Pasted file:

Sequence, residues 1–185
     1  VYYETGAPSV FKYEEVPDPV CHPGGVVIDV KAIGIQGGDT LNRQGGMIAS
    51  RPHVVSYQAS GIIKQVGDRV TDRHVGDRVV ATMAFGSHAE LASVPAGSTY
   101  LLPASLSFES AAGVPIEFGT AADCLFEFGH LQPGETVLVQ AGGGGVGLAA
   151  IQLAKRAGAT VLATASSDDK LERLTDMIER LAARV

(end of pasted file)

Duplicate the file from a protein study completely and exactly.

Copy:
Sequence, residues 1–185
     1  VYYETGAPSV FKYEEVPDPV CHPGGVVIDV KAIGIQGGDT LNRQGGMIAS
    51  RPHVVSYQAS GIIKQVGDRV TDRHVGDRVV ATMAFGSHAE LASVPAGSTY
   101  LLPASLSFES AAGVPIEFGT AADCLFEFGH LQPGETVLVQ AGGGGVGLAA
   151  IQLAKRAGAT VLATASSDDK LERLTDMIER LAARV